In January of 1848, James Marshall discovered gold in California’s American River.
At the time, Marshall was employed to build a saw-mill by wealthy, German-born John Sutter. Marshall’s discovery set a gold rush in motion. In the first two months following the discovery, 90 ships sailed for California. By 1854, 300,000 people had caught gold fever.
Sutter later wrote an account of the day Marshall informed him of the discovery.
“It was a rainy afternoon when Mr. Marshall arrived at my office in the Fort, very
wet. I was somewhat surprised to see him, as he was down a few days previous; and then, I sent up to Coloma a number of teams with provisions, mill irons, etc., etc. He told me then that he had some important and interesting news which he wished to communicate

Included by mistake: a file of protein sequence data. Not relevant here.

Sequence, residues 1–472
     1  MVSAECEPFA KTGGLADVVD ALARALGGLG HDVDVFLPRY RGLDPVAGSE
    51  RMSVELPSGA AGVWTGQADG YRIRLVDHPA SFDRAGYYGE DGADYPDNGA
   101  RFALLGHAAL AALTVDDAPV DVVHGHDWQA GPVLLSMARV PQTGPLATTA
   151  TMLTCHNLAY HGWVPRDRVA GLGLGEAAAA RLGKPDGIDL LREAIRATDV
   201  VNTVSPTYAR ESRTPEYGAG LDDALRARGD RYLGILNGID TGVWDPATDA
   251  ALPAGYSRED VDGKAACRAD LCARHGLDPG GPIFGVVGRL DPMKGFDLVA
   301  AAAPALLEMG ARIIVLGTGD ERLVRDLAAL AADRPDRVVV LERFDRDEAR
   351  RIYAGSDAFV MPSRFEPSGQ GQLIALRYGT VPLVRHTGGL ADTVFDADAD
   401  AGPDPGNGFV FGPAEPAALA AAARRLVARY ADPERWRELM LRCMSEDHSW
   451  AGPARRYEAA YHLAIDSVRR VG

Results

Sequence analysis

secretly to me, and wished me to go with him to a place where we should not be disturbed, and where no listeners could come and hear what we had to say. I went with him to my private rooms; he requested me to lock the door; I complied, but I told him at the same time that nobody was in the house except the clerk, who was in his office in a different part of the house; after requesting of me something which he wanted, which my servants brought and then left the room, I forgot to lock the doors, and it happened that the door was opened by the clerk just at the moment when Marshall took a rag from his pocket, showing me the yellow metal: he had about two ounces of it; but how quick Mr. M. put the yellow metal in his pocket again can hardly be described.”
After word leaked out about the discovery, John Sutter’s land was overrun with gold seekers. Finally, he went bankrupt. He spent the rest of his life trying to force the state and federal governments to compensate him for his losses. He died on June 18, 1880.